Tammy’s Always Dying Image

How do you love someone who is terrible for you? That is a central question in the Amy Jo Johnson directed and Joanne Sarazen penned film, Tammy’s Always Dying. Felicity Huffman is the titular Tammy, a suicidal alcoholic who demands so much attention that her daughter Catherine (Anastasia Phillips) has no opportunity to live her own life. Tammy drinks, smokes, curses, shoplifts, and generally fulfills every ugly stereotype of the welfare mom. When Tammy is diagnosed with cancer, and her impending death becomes more than just an attempt to be the center of attention, Catherine has to take a hard look at her own life. She has to, for the first time, consider a life without her mother in it.

Tammy’s Always Dying is a movie that does everything right but still somehow fails to be enjoyable. It is in every respect a good movie, but I can’t say that it was at all a pleasure to watch. It is well written, acted, and directed, and it skirts the line of overwrought melodrama and poverty porn.

A big part of the problem lies in the writing itself. Joanne Sarazen crafts a group of characters that feel too real. This brings up an interesting point. Just because a character is well written and feels like a real person, doesn’t necessarily mean we want to spend any time with them at all. When the characters are so thoroughly unlikeable, or so utterly passive, then it doesn’t matter how great a writer you are. The audience just won’t want to take part in their story. In that way, Tammy’s Always Dying is a great script that fails to be a good movie.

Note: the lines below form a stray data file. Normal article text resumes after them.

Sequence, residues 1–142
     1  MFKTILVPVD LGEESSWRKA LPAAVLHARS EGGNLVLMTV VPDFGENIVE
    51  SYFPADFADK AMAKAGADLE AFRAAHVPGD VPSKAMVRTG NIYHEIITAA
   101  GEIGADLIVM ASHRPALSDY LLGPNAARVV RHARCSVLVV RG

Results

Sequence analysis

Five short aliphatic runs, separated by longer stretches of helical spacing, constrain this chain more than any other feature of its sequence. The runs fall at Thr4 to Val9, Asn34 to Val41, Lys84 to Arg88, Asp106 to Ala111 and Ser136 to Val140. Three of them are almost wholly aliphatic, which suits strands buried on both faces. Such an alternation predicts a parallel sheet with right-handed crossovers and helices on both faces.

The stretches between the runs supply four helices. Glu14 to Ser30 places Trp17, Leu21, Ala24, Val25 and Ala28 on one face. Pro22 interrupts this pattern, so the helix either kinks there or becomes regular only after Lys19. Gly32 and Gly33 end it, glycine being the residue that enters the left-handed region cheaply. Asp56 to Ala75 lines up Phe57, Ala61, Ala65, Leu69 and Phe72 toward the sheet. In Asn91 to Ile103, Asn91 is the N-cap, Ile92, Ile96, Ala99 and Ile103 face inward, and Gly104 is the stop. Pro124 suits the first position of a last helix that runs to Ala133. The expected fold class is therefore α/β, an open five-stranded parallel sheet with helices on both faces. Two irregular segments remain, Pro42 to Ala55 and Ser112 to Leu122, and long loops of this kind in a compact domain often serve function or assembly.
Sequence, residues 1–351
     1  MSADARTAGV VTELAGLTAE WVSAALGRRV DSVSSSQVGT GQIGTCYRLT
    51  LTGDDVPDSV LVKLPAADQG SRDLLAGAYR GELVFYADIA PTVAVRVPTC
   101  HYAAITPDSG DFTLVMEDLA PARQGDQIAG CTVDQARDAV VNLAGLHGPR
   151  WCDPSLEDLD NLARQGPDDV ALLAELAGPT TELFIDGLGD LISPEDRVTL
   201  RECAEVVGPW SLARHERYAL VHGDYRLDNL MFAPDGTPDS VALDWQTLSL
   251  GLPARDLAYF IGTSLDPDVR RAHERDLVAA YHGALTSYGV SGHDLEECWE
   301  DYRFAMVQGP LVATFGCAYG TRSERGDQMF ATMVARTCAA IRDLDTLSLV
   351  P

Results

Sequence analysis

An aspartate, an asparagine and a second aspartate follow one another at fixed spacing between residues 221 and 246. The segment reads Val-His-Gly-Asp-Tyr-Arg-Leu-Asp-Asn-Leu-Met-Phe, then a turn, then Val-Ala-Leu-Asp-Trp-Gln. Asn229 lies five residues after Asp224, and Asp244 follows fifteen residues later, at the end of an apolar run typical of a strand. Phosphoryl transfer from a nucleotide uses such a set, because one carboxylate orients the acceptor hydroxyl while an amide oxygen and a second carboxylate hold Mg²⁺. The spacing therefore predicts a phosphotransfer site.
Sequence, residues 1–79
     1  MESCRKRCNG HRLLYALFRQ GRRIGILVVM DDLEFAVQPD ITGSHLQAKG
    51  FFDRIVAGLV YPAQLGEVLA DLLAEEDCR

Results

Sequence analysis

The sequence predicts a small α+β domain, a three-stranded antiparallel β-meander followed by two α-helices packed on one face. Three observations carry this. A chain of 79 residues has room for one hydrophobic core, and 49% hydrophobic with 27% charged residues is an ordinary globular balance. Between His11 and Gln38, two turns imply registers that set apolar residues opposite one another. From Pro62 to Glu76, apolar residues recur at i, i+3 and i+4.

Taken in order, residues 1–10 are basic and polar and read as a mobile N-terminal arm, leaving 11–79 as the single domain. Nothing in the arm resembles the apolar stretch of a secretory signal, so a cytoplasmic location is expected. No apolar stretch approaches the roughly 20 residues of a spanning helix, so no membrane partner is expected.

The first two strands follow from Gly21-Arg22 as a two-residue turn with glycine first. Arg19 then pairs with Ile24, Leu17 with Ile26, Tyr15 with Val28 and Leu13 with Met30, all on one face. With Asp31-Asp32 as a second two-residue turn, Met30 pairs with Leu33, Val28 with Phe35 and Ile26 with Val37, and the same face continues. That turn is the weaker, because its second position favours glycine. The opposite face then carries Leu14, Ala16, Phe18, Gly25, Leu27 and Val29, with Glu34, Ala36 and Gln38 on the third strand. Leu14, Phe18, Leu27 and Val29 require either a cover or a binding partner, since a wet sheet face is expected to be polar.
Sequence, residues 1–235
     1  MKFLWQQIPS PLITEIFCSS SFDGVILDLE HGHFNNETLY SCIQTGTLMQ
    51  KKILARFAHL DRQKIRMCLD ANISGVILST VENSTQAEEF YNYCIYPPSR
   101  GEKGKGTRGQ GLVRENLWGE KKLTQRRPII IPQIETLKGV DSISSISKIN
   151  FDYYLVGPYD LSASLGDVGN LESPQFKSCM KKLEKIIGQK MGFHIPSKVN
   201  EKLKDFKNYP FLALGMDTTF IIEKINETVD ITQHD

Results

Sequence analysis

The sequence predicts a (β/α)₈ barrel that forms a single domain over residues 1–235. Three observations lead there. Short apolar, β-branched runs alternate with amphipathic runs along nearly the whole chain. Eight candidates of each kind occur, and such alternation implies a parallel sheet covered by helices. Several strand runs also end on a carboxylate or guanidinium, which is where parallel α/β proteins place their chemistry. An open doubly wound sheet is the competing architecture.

“When Tammy is diagnosed with cancer…Catherine has to…consider a life without her mother in it.”

But that writing. It is really difficult to describe. Okay, you know how you watch a movie and think, “No one would say or do that.” Well, that never happens here. As I said, everything feels very real. The dialogue and action seem less constructed than transcribed. There is a stunning level of realism to all aspects of the writing. There is a breathtaking level of honest human emotion in Tammy’s Always Dying that never seems to bleed over into melodrama.

And then there’s also the fantastic acting. To say Felicity Huffman is a good actor just seems a bit redundant at this point. We all know she’s great, and we’ve all seen plenty of examples, and she’s just as good as ever here. The rest of the cast capably keeps up with her. Anastasia Phillips, in the role of the long-suffering Catherine, is just heartbreaking as a woman beaten down by life. She has spent her whole life taking care of and resenting her mother. These feelings have so dominated her life that trying to figure out who she is without her mother becomes an existential crisis.

I’m not going to touch on Huffman’s scandal. That is not the reason to miss this movie. The reason is that it is just too bleak and depressing. Doing everything technically correct doesn’t always make for a good movie. Tammy’s Always Dying should be required watching in film study, writing theory, and film acting classes, but the rest of you can live your life happily without it.

Tammy's Always Dying (2020)

Directed: Amy Jo Johnson

Written: Joanne Sarazen

Starring: Felicity Huffman, Anastasia Phillips, Clark Johnson, Lauren Holly, Aaron Ashmore, etc.

Movie score: 6/10

Tammy's Always Dying Image

"…does everything right but still somehow fails to be enjoyable."

Leave a Reply

Your email address will not be published. Required fields are marked *

Join our Film Threat Newsletter

Newsletter Icon